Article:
In general, the best intake places for ideas and innovation at big companies, she told me, are business development, product development, and marketing. These groups can influence product choice, have access to budget and resources, and can serve as internal advocates. To get the most out of LinkedIn, Rose recommends checking to see if you or someone in your network is already connected with an employee. This person may be willing to give you more insight into the company’s priorities, help you navigate the company, and ultimately connect you with the right decision-makers–saving you time and effort.
Get your message right.
After you’ve identified some great candidates and sent requests to connect, now is the time to craft your first message. Big-picture-wise, your objective is to present the benefit of your product idea. It’s not to pitch your invention itself. It’s too soon for that. Please, no attachments or links. You’re trying to find out if they practice open innovation because you have a product that’s a good fit for them. And if they say yes? Follow up with a sell sheet.
First, acknowledge the company’s mission. Remember, this information is easily found online.
“On LinkedIn, the notices I get that are effective are the ones that say, ‘Hey, I’ve been watching LifeScan online and I see you are supporting people with diabetes with digital health and wellness as a strategy,” Rose explained.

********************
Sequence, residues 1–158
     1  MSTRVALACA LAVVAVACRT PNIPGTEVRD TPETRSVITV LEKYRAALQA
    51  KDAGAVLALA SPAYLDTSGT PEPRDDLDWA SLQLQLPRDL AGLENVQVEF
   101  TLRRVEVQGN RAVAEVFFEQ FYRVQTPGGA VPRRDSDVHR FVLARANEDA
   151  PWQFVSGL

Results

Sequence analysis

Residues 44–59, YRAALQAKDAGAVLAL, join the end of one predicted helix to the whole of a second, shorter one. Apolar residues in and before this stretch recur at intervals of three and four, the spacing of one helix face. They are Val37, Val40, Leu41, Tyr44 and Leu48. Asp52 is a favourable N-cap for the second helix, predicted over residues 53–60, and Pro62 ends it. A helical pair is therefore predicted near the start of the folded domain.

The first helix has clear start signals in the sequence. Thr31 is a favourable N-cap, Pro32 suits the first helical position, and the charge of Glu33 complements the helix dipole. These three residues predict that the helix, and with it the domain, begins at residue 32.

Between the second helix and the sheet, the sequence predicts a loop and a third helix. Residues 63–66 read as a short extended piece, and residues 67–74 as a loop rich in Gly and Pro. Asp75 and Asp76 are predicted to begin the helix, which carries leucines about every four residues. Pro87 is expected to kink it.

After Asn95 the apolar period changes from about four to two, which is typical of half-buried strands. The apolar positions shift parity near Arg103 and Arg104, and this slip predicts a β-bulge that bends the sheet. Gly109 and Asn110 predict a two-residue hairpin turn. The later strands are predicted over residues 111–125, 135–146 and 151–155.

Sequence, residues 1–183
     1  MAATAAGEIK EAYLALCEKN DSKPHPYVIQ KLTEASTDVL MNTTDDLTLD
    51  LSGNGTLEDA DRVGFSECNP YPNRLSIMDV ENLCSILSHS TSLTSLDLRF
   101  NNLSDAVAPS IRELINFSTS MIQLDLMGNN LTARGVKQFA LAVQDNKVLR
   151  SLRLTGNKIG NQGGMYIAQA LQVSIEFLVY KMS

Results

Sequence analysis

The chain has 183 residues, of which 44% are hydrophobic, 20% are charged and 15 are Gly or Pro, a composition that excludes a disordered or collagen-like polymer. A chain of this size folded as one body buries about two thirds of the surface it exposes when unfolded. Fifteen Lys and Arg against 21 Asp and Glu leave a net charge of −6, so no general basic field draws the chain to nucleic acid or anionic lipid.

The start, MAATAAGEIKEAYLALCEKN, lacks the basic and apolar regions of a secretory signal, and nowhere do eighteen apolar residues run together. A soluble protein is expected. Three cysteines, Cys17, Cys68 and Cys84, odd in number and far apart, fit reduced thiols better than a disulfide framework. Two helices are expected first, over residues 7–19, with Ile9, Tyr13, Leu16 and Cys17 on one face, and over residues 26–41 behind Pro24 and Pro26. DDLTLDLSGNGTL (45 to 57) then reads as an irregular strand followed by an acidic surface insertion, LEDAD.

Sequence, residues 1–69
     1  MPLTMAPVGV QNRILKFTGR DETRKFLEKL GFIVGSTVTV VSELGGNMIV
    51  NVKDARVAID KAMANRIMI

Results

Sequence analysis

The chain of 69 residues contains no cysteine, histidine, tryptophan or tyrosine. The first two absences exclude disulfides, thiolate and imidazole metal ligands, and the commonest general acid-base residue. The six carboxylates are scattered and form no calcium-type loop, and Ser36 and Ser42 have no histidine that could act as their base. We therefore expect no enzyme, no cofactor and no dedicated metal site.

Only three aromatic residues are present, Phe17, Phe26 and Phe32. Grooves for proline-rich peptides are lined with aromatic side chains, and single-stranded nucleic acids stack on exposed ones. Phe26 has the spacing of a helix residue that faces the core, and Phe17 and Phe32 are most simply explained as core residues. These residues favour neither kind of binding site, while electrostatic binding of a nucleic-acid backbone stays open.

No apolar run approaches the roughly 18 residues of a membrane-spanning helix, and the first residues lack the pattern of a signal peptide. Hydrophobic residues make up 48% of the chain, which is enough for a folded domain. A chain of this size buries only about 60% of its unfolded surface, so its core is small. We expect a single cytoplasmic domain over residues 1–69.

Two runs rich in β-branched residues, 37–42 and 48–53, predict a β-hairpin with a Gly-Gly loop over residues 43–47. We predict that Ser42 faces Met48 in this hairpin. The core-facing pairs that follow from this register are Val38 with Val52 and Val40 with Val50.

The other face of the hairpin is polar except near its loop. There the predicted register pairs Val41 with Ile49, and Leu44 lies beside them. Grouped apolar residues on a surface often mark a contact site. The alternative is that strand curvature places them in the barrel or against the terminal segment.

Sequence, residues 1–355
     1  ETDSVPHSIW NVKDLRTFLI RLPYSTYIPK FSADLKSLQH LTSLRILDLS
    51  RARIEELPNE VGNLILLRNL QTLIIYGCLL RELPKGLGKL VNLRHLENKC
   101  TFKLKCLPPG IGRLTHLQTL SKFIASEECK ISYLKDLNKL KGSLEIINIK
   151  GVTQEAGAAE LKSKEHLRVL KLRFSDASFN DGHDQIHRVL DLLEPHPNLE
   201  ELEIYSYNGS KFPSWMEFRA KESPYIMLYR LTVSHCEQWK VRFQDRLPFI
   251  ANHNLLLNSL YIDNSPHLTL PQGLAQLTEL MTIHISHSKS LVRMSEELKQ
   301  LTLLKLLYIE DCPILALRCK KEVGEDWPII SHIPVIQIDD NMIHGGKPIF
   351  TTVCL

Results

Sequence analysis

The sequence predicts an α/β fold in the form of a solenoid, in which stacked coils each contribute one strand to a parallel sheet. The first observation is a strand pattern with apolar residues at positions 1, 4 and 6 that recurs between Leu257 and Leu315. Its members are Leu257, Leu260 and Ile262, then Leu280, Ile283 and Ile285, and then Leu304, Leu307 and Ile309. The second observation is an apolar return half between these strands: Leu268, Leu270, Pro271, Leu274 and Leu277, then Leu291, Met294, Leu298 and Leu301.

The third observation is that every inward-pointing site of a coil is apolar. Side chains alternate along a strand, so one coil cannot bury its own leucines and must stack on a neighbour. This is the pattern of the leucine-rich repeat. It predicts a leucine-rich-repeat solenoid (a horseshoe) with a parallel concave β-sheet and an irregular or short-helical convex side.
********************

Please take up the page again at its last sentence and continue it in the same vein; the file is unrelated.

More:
She’s motivated to respond to people who tell her they’re working on something proprietary, and have proof of concept, and/or data on their invention.
Then, wrap up your inquiry with a direct request. Such as, “I would love to meet someone in business development to share my idea in 30 minutes or less.”
When Rose receives messages that include these three elements, she will respond, she said.
“We are actively scouting. A couple of folks on our team spend all day, every day talking to people about what they’re working on,” she explained. “The way to cut through the clutter is by showing you’ve done your homework and you have something to offer.”
As you craft each of your messages to employees at big companies, study the language these individuals use to describe themselves and their mission. The insights you gain will help you write a better value proposition, one that is more targeted to their employer. If you’re unsure whether they truly practice open innovation, ask directly: Do your work with outside product developers?
To summarize: Be brief. Don’t disclose any confidential information, including intellectual property. Instead, share the benefit of your invention.
Getting in touch with large companies is easy when you do and say the right things. It all comes down to doing your homework thoroughly. That’s the only way to pitch the right person to the right company with the right product.